"Let's say we put cameras on all the subways in New York City, and terrorists bomb movie theaters instead. Then it's a total waste of money," said Bruce Schneier, author of Beyond Fear: Thinking Sensibly about Security in an Uncertain World.
From The Australian Broadcasting Corporation, 24 July 2005:
Federal Opposition Leader Kim Beazley says surveillance cameras will not help to stop a terrorist attack in Australia, and more needs to be done to improve aviation, maritime and railway security [...] "It's very good at giving police an opportunity to trace things after an attack has occurred, and it's to be welcomed for that," he said. "But the point is to the stop the attack happening."
From the office of Congressman Ron Paul (R-Texas), 25 July 2005:
Let's remember that London is the most heavily monitored city in the world, with surveillance cameras recording virtually all public activity in the city center. British police officials are not hampered by our 4th amendment nor our numerous due process requirements. In other words, they can act without any constitutional restrictions, just as supporters of the Patriot Act want our own police to act. Despite this they were not able to prevent the bombings, proving that even a wholesale surveillance society cannot be made completely safe against determined terrorists. Congress misses the irony entirely. The London bombings don't prove the need for the Patriot Act, they prove the folly of it.
From another report the Australian Broadcasting Company, 26 July 2005:
Barrister Jennifer Saunders doubts their value. "It may assist later in collection of evidence but I don't see how it assists in advance in preventing anything," she said.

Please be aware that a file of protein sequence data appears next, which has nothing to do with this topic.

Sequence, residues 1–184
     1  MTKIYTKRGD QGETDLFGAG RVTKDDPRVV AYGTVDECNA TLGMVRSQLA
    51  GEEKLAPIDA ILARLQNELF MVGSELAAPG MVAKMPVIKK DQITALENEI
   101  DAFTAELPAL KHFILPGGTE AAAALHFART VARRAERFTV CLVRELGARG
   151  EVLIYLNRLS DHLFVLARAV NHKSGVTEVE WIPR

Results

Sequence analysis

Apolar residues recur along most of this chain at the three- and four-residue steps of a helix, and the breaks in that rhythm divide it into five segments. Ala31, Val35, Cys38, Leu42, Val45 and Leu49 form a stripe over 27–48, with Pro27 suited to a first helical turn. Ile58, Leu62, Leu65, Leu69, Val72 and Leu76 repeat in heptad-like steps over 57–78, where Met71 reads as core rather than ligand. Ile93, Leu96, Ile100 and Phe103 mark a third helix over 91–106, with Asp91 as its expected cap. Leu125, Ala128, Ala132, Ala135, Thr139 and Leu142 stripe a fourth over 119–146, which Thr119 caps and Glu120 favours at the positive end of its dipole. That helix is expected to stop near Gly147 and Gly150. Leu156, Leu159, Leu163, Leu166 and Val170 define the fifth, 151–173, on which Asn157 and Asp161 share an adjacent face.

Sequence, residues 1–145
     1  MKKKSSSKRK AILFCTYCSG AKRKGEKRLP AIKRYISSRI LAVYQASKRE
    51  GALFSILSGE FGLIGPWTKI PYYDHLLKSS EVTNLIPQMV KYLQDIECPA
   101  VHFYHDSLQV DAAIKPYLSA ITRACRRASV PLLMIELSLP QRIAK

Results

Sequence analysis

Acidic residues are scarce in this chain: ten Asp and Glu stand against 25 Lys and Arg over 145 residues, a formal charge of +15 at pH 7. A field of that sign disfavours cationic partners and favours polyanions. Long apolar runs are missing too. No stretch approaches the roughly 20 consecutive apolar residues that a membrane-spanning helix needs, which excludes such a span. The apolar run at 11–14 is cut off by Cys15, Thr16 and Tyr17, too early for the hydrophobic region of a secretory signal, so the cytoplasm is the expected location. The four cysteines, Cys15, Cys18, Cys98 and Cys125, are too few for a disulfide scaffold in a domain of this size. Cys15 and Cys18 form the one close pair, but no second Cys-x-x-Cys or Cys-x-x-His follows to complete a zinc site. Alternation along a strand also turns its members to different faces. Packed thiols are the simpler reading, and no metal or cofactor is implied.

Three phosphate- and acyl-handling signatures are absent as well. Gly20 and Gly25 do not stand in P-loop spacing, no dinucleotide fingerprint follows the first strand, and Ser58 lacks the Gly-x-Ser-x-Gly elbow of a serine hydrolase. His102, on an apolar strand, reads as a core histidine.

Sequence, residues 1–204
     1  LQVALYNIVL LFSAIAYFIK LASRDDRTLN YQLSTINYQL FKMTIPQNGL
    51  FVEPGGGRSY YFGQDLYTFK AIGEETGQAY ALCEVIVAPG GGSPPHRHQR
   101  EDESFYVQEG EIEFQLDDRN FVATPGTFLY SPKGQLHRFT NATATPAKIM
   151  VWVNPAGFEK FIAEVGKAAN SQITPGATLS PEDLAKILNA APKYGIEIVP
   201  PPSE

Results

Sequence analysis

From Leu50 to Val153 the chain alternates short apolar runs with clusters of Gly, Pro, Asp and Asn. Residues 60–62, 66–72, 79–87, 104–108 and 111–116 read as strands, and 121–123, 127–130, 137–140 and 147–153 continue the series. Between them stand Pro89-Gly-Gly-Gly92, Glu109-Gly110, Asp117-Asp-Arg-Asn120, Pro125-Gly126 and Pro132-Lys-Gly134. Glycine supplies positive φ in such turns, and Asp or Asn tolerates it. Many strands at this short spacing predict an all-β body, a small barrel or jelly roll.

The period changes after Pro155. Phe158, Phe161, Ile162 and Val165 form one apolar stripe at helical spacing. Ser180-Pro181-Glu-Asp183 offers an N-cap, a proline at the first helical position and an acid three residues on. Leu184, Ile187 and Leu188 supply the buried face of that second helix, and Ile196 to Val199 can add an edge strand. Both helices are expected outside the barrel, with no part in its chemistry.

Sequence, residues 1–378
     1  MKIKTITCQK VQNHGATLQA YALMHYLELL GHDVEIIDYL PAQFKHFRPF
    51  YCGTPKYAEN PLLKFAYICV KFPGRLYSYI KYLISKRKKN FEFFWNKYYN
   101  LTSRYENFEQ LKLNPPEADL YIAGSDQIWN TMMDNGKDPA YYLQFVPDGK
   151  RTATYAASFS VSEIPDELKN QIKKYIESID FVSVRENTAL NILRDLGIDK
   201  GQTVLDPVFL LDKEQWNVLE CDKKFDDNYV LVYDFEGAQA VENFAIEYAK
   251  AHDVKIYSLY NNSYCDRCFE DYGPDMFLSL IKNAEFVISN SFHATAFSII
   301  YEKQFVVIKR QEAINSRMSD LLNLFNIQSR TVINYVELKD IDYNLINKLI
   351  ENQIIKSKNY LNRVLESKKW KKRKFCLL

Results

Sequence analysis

From Arnold Kling, a columnist at Tech Central Station, 29 July 2005:
The ability to recreate a terrorist incident after the fact does not excite me. It would do nothing to deter a suicide terrorist. My guess is that it does little to deter even terrorists who want to live afterward -- they know they are playing a high-risk game.
As a prevention tool, security cameras are of questionable value. Do human beings have to monitor the cameras 24/7? At best, cameras can use face-recognition technology to issue some sort of alert, such as, "there's a chap on our watch list, about to board the subway." Is such information timely and actionable?
It seems to me that it would make more sense to invest in a network of sensors that detects explosive devices than a network of cameras. A sensor that tries to detect explosives is less of a threat to privacy than a video camera. And a positive reading from such a sensor would be a lot more actionable.
And yet what do we hear coming from our police chiefs and politicians? Calls for even more cameras. We say no: this is irrational. If we truly want to protect ourselves from terrorists who are murderously enraged with the policies of our government -- with the occupation of Iraq, the occupation of Afghanistan, and/or support for the occupation of the Palestinian territories -- then we should pull "our" troops and support out of these countries immediately.
As for the surveillance cameras and the claims of those who favor them: let the backlash begin! We say: no more new ones; take down the ones already installed.-- Surveillance Camera Players, 26 July 2005
By e-mail SCP@notbored.org